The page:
Rima Das’ intimate drama shows a family man’s life unravelling in the face of the Covid-19 pandemic

Tora's Husband

Source: Courtesy of TIFF

‘Tora’s Husband’

Dir/scr Rima Das: India. 2022. 142mins

The fourth fiction film from Assam-based indie filmmaker Rima Das (Village Rockstars, Bulbul Can Sing) is a sprawling, restive departure from the lively, concise style of her previous films. A patchwork of acutely observed snapshots of a life in quiet crisis, this story of a hardworking family man struggling to keep his business afloat feels persuasive and authentic, although the languid pacing means that the film does start to lag a little by the second hour.

It’s slow-burning but, in its unassuming way, compelling

Something of a one-woman filmmaking phenomenon, Das takes on most of the key behind-the-camera roles herself. Tora’s Husband premiered at the Toronto Film Festival – the third of her films to do so following Village Rockstars, which become India’s Official Entry to the Academy Awards in 2019, and Bulbul Can Sing, which won prizes at numerous festivals including Berlin, Dublin, Mumbai and Singapore. Shot over the course of 15 months during the pandemic, Tora’s Husband is a more ambitious project, and lacks some of the punchy impact and accessibility of the previous two pictures. Still, the film should enjoy further festival interest following its screening in Busan’s A Window on Asian Cinema strand.

Jaan (Abhijit Das, the director’s brother) is a decent man. Generous to those in need, dutiful to his family, he takes on debt during the Covid-19 lockdown to ensure that the employees of his small business, a bakery and restaurant in a town in Assam, don’t have to manage without wages. But the struggle to keep the business afloat, the marshaling of debts, the phone which only ever rings with bad news: it all places stress on Jaan’s marriage to his wife Tora (Tarali Kalita Das).

The quotidian details of Jaan’s life – debates about cake quality, driving between work sites, wrangling his two spirited children, offering money and refreshments to those in need – seem banal at first, but the film gradually builds in power. The driving force of the story is the sense of a sickening, something which is tainting a life which, at first, seems prosperous and glossy with health.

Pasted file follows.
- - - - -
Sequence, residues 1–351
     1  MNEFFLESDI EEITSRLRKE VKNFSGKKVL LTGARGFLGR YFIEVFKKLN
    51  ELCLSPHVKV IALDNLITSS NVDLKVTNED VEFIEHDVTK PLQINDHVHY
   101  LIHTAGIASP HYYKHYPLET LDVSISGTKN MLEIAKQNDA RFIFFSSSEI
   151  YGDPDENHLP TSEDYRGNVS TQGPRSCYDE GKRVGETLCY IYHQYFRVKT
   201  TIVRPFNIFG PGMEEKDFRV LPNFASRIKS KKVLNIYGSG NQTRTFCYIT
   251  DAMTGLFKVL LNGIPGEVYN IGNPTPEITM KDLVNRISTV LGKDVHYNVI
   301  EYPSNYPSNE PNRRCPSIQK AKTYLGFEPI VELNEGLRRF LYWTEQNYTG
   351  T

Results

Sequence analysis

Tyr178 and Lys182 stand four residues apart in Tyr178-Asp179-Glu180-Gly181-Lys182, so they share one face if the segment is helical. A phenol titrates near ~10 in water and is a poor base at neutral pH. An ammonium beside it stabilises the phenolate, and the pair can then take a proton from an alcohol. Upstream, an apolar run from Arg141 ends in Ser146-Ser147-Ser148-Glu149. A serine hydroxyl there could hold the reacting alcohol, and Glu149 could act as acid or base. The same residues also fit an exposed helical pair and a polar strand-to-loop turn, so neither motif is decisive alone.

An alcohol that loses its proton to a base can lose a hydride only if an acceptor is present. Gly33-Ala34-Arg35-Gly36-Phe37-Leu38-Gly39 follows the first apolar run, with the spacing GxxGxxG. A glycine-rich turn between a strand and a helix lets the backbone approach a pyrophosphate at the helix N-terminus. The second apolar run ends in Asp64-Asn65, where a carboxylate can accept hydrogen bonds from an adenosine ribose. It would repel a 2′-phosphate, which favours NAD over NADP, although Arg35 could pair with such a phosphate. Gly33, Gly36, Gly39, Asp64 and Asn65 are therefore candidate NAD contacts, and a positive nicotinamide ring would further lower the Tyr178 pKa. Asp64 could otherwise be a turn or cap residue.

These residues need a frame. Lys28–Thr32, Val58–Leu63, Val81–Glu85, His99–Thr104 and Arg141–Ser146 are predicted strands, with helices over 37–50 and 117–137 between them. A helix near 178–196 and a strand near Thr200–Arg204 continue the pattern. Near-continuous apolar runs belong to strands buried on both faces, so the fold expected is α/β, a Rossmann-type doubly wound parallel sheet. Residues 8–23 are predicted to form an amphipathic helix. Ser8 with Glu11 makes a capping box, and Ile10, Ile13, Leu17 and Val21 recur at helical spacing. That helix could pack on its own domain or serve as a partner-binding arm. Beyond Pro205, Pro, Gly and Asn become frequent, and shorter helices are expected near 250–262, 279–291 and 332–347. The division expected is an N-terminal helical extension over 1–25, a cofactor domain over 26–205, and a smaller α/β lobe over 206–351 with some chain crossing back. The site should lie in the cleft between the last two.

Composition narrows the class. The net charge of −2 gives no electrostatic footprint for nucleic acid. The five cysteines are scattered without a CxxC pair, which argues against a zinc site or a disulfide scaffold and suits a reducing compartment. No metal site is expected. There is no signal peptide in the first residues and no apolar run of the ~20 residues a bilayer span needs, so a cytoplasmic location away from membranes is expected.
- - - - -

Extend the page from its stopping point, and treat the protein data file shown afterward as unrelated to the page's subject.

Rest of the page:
It’s not just the pandemic, although the reminders are everywhere; the masks, the ambulances,  the edge of desperation in the voices of those whose livelihoods have been impacted. Das seeds the film with other illnesses: the man whose infected leg prevents him from working, the persistent headache which plagues Jaan. Society, perhaps, is already ailing, but the lockdown has magnified the symptoms. And for Jaan, the main symptom is his need for alcohol. More and more, after the stresses of the day, he ducks out of his family responsibilities in favour of sharing drinks with his male buddies. Tora hates this weakness in him. “He’s a good man,” she confides to a friend, “but a bad husband.”

Das’s approach is observational, with a documentary-style sense of life unfolding rather than engineered drama. It’s slow-burning but, in its unassuming way, compelling. Abhijit Das, although non-professional, seems wholly at ease in front of the camera. He’s convincing as an ordinary man in extraordinary circumstances, doing his best to hold his life together as the domino chain of debts around him starts to topple.

Production company: Flying River Films

Contact: Flying River Films rima.films@gmail.com

Producer: Rima Das

Cinematography: Rima Das

Production design: Rima Das

Editing: Rima Das

Music: Sagar Desai

Main cast: Abhijit Das, Tarali Kalita Das, Bhuman Bhargav Das, Purbanchali Das, Simanta Malakar, Nilima Das